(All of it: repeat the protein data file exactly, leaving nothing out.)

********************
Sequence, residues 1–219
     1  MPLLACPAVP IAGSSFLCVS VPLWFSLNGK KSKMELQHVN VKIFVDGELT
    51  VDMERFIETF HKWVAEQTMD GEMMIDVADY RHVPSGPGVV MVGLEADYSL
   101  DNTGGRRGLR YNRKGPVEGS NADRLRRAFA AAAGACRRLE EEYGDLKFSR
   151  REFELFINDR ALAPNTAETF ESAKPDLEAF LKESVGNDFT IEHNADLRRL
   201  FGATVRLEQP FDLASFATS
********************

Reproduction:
Sequence, residues 1–219
     1  MPLLACPAVP IAGSSFLCVS VPLWFSLNGK KSKMELQHVN VKIFVDGELT
    51  VDMERFIETF HKWVAEQTMD GEMMIDVADY RHVPSGPGVV MVGLEADYSL
   101  DNTGGRRGLR YNRKGPVEGS NADRLRRAFA AAAGACRRLE EEYGDLKFSR
   151  REFELFINDR ALAPNTAETF ESAKPDLEAF LKESVGNDFT IEHNADLRRL
   201  FGATVRLEQP FDLASFATS